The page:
Having built upon that, he goes on to make another point that had us thinking.
“A founder’s job is essentially to create the most compelling narrative of what their company will look like in 10 to 20 years' time. It’s not lying, it’s telling pre-truths. Being contrarian just means that you came up with a novel fantasy plot no one else had thought of yet. Sometimes founders are able to re-create the fantasy narratives of their pitch decks. Sometimes you end up with Theranos.
“And even when you do end up with Theranos, at least you get material for an exciting new Netflix series. Perhaps VCs should buy the movie rights to the startups they invest in as a hedge against their biggest portfolio failures?
“The concept of the tech industry as a creator of fantasy worlds immediately reminded me of a conversation I had with my friend Max recently. His theory is that it’s not the lack of tech talent or venture capital that explains why Europe hasn’t been able to create a tech ecosystem on par with the US. It’s the absence of religiosity that has kept Europe from creating its own Google or Facebook. The US is able to create larger companies because it’s able to believe in larger and more ambitious narratives.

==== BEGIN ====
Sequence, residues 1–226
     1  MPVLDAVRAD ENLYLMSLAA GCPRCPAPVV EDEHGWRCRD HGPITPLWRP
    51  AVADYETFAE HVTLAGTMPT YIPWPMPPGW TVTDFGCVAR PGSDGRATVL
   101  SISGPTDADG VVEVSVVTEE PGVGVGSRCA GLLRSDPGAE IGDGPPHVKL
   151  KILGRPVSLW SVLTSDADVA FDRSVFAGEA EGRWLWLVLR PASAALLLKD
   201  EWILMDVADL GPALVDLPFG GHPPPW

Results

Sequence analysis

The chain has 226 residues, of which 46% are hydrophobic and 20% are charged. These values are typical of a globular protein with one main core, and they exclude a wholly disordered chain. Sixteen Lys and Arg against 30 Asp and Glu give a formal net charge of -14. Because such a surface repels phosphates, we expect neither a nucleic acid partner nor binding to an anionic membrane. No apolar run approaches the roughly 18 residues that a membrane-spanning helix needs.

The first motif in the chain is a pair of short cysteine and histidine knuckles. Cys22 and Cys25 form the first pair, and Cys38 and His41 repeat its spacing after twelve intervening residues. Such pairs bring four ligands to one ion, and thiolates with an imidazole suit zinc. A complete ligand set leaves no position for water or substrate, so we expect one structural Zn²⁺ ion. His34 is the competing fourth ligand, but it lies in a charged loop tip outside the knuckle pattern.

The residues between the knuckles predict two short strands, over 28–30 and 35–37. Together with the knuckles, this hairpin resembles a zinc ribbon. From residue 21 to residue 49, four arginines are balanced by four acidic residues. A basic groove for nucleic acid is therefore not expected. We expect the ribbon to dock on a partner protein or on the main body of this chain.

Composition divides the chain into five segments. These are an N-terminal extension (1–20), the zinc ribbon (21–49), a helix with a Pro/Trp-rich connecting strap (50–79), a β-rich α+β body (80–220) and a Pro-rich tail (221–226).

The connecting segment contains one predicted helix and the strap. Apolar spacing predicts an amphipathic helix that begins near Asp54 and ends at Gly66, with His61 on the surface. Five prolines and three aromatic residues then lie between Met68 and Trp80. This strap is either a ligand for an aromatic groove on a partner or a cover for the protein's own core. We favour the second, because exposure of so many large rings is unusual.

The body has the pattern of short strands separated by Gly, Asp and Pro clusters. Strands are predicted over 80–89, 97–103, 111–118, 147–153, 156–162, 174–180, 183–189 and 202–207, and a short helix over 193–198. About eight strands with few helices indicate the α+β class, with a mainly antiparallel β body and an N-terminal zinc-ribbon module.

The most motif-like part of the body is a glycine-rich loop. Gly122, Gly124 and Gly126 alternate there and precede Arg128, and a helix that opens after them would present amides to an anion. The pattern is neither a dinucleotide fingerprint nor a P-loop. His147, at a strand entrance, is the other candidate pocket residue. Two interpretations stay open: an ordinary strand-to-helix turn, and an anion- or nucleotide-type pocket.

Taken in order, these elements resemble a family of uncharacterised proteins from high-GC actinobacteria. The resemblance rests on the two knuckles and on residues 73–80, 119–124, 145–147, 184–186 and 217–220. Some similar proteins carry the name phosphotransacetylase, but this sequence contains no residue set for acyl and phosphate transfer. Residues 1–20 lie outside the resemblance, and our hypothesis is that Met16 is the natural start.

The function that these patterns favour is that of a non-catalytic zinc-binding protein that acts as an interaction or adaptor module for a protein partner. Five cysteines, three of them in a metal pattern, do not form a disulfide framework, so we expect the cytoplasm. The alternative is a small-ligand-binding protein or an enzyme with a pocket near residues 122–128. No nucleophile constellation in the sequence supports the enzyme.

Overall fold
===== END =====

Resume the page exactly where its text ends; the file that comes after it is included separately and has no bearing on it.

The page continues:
“Silicon Valley is not just creating new fantasy worlds, it is building tools that allow others to create their own fantasy worlds. Enter social media.
“If TV has taught us to think of ourselves as characters in the story of our lives, then social media has allowed us to actually write and edit the script and build fictional characters. Social media is essentially the democratization of virtual world building.”
Useless things we learn
Source: The Yackler Magazine
Studies have it that we use only 37% of what we learn in school. All else is useless. What’s your take? Let us know on our Slack channel.
And if you missed previous editions of this newsletter, they’re all archived here.
Bookmark Founding Fuel’s special section on Thriving in Volatile Times. All our stories on how individuals and businesses are responding to the pandemic until now are posted there.
Team Founding Fuel